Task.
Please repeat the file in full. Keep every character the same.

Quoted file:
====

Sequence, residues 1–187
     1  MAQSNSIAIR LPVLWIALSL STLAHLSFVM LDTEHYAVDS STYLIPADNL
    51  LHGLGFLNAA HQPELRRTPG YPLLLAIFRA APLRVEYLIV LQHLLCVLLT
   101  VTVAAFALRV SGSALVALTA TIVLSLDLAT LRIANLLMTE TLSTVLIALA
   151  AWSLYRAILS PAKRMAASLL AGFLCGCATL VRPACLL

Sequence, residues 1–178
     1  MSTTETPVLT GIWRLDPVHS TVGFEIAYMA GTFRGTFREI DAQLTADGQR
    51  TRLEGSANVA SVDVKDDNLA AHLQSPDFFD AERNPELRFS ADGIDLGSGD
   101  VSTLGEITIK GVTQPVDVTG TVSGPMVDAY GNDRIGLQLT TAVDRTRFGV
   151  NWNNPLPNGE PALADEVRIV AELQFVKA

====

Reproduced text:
Sequence, residues 1–187
     1  MAQSNSIAIR LPVLWIALSL STLAHLSFVM LDTEHYAVDS STYLIPADNL
    51  LHGLGFLNAA HQPELRRTPG YPLLLAIFRA APLRVEYLIV LQHLLCVLLT
   101  VTVAAFALRV SGSALVALTA TIVLSLDLAT LRIANLLMTE TLSTVLIALA
   151  AWSLYRAILS PAKRMAASLL AGFLCGCATL VRPACLL

Sequence, residues 1–178
     1  MSTTETPVLT GIWRLDPVHS TVGFEIAYMA GTFRGTFREI DAQLTADGQR
    51  TRLEGSANVA SVDVKDDNLA AHLQSPDFFD AERNPELRFS ADGIDLGSGD
   101  VSTLGEITIK GVTQPVDVTG TVSGPMVDAY GNDRIGLQLT TAVDRTRFGV
   151  NWNNPLPNGE PALADEVRIV AELQFVKA